Teaching junior classes! Some of us love it, others dread it. In the latter case, kindly abstain from ever getting involved with it, lest you discover that it is not the nightmare you feared it would be! No, dear colleagues, I am pulling your leg. Whether you find it is worth your energy or you prefer to teach older students, it is entirely up to you to do so as long as you enjoy the process. But let’s break it down to bits and try to put things in perspective.
Text by: Despoina Aristeidou
First of all, how a person comes in contact with the language for the first time is of vital importance to how their future attitude towards it will be shaped. Therefore, more than simply delivering the vocabulary and grammar expected at that level, our job, in the first years of language education, is to ensure that students enjoy themselves. We need to have enthusiastic, curious, and eager learners. To some students, learning the language may come easy; others might struggle at first. No matter the case, they must all enjoy the class we offer. There are several ways to accomplish this goal.
First things first: it is of paramount importance to personally connect with our students. This might seem hard to do in a large class and nobody expects teachers to do so within their first encounters with the students. Still, slowly and steadily we must learn about them, their personalities, their likes and dislikes to establish the basis for true communication. I cannot forget the video of the primary teacher who had spent time to personally greet each student every morning before entering the classroom with a personal high five/handshake the kids had created! And yes, he remembered all of them! What an inspired educator! Allow me to quote Dr Justin Tarte here, who so elegantly put it: “As educators, the more we know about who we teach, the more effective we will be with what we teach. Taking time to know our students isn’t fluff time, it’s academic time.”
Once a personal touch to communication is established, everybody agrees that we should kick our junior classes off with phonetics. There are sounds that differ from one language to the other. This is what we should familiarise kids with at first and we should do it in a fun and educational manner.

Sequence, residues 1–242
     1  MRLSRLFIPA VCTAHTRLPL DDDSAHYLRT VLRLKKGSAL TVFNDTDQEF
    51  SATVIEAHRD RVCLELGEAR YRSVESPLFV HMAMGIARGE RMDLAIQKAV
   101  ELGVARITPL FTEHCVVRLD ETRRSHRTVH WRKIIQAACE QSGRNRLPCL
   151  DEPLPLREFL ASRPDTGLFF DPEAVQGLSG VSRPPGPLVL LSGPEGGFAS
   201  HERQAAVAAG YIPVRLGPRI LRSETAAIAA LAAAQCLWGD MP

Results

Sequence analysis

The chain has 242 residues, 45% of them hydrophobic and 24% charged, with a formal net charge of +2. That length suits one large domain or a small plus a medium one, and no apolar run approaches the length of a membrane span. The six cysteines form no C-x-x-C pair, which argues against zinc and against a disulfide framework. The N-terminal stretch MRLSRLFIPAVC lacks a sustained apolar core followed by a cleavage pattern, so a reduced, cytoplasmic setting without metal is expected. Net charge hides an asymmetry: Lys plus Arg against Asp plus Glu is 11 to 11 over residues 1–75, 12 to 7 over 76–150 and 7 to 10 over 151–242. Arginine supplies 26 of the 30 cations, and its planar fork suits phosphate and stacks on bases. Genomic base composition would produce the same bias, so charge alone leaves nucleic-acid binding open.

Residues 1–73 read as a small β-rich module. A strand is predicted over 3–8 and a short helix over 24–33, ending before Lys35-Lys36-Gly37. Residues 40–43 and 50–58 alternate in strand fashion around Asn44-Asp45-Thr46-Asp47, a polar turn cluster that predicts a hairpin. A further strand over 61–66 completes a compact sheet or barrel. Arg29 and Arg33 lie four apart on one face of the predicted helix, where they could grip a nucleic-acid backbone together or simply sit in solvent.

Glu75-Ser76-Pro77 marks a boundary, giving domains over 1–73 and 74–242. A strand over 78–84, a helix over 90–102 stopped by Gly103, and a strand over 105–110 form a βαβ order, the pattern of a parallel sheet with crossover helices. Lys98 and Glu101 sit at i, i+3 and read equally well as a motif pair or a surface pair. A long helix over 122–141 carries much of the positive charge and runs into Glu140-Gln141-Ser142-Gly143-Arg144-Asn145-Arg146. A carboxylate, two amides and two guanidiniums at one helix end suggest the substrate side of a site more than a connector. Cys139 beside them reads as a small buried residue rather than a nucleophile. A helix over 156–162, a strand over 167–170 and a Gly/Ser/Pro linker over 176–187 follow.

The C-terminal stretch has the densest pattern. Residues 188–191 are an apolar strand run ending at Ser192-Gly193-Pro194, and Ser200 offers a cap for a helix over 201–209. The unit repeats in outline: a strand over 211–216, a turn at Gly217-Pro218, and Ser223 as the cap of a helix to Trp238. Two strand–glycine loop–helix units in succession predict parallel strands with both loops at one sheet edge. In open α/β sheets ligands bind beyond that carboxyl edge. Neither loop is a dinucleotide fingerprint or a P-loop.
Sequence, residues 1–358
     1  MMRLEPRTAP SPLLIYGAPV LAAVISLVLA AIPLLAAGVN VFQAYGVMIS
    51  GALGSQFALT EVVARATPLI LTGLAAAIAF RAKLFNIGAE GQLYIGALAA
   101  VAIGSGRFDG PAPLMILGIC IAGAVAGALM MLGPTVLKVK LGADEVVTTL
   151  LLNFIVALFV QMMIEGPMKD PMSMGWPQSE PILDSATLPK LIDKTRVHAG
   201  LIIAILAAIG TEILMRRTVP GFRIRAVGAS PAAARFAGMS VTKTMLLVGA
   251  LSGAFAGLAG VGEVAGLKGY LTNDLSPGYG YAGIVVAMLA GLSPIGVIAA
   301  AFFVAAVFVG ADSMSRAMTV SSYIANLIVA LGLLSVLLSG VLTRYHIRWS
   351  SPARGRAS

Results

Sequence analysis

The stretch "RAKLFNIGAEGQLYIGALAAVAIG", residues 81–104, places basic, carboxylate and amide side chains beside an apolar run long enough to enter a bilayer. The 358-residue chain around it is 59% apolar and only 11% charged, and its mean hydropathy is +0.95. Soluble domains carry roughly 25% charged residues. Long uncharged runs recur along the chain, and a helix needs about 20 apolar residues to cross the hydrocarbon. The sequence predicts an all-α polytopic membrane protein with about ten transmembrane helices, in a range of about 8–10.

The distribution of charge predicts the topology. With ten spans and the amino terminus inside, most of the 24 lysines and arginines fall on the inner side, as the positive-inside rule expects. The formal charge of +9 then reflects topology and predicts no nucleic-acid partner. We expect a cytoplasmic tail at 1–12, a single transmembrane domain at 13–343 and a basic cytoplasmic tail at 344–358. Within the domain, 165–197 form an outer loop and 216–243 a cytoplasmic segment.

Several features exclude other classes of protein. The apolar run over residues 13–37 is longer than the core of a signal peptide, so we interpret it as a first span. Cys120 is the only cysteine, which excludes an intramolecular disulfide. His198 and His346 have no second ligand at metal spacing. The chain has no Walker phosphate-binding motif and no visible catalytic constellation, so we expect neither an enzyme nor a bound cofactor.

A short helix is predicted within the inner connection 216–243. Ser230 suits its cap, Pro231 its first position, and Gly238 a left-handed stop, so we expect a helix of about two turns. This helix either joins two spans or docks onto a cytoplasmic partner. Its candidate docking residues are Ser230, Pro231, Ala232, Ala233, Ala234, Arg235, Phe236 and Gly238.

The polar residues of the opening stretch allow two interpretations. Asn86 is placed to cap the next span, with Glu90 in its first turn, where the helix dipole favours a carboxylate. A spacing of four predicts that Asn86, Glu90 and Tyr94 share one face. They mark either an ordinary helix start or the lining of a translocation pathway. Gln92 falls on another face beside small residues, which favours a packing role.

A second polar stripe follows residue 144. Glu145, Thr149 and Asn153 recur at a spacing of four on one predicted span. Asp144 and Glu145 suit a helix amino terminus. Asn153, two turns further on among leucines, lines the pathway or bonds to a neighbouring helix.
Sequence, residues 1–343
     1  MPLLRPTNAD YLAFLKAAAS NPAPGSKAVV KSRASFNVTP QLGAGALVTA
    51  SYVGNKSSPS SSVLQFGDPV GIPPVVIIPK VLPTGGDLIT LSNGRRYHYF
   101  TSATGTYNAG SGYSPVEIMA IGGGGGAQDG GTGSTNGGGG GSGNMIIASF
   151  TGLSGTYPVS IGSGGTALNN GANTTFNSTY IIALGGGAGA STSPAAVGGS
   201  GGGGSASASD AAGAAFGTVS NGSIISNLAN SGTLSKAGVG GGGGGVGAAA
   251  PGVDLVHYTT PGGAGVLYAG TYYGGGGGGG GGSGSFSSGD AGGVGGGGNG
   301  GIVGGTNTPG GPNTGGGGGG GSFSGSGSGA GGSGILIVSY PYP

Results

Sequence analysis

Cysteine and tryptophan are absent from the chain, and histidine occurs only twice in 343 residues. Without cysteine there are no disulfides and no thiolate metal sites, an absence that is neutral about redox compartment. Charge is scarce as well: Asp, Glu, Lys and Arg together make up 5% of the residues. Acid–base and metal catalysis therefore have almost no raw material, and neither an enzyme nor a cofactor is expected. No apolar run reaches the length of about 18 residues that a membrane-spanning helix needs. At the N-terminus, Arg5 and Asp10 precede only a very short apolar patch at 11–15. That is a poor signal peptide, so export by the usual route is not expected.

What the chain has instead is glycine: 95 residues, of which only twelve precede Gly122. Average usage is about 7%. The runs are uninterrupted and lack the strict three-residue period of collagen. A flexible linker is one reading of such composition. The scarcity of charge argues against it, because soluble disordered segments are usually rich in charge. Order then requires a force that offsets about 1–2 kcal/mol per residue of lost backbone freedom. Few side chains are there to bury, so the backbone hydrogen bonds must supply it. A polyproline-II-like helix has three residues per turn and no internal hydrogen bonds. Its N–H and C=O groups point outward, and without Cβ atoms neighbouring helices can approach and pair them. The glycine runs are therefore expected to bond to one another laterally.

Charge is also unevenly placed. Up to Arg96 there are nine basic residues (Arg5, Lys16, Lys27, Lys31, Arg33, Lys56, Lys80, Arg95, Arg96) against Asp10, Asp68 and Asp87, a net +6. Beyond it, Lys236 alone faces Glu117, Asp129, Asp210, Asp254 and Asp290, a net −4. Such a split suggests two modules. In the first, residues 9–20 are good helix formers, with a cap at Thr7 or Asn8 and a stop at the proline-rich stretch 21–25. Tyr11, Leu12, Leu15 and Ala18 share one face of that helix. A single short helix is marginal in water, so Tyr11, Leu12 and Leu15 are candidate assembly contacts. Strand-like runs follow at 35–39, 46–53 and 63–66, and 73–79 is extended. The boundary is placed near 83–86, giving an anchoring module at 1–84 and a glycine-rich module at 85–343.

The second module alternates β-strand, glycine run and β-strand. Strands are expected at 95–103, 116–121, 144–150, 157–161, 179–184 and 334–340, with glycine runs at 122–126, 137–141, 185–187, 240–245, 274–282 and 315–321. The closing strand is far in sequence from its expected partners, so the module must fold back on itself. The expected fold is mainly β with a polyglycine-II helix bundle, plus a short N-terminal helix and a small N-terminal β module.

An example of such an activity is to have them hold a small piece of paper in front of their mouths while they try to pronounce their “Ps” and “Ts” for example. If they get the piece of paper to move with the air coming out of their mouths, they know they are on the right track. If they cannot try it out in class because of masks or restrictions, they might try it on their own at home, either alone or with a sibling or a parent as part of a game. Another idea is to have them tell the difference among the several –s sounds by sticking papers on all four walls of the classroom. Here’s how this works: you get 4 pieces of stick-it and write –s on the first, -sh on the second, -ch on the third and maybe –sks or –sts on the last. You stick one to each wall and read out words for them. Whenever they identify a sound, they should run towards the equivalent wall. This is huge fun!
Anything we turn from cognitive to physical will work for the kids. They love using their physicality as much as their brains in the process of learning so we should try to make it so with games, songs, rhymes, storytelling, drama. Should you decide to use tools, make sure to engage some form of bodily movement in it.
And of course, there are fabulous tongue twisters you can use in class, which are great fun! Here’s probably the most well-known: “She sells seashells by the seashore” or “Peter Piper picked a peck of pickled peppers” and “I scream, you scream, we all scream for ice cream”! These are but a few ideas. Luckily, we have the wonderful multi-potent technology on our side and through the internet we can find a gazillion ideas to put in good use with the little ones.
Wonderful as these ideas may be, there are also other things to consider while preparing for our junior classes; these have to do with our mentality and work on a deeper level. My advice is to relax, let yourself go, and try to sincerely enjoy the time with the kids by bringing your inner child to the surface. It’s still in there, waiting to be called outside to play. Just let it, it’ll all be fine. Yes, your role must be clear. Yes, you will keep the educator-learner distance. You will do all these things in the years to follow. While you play with the kids, while you’re at it, simply try to enjoy the moment. More than knowledge acquired, what sticks to the memory of the students is the good time you had together and the connection, love, and respect you shared. And this is how the love for the language is sowed so you can reap the results when the time is due. According to a quote presumably attributed to Dalai Lama, “It is vital that when educating children’s brains, we do not neglect to educate their hearts.”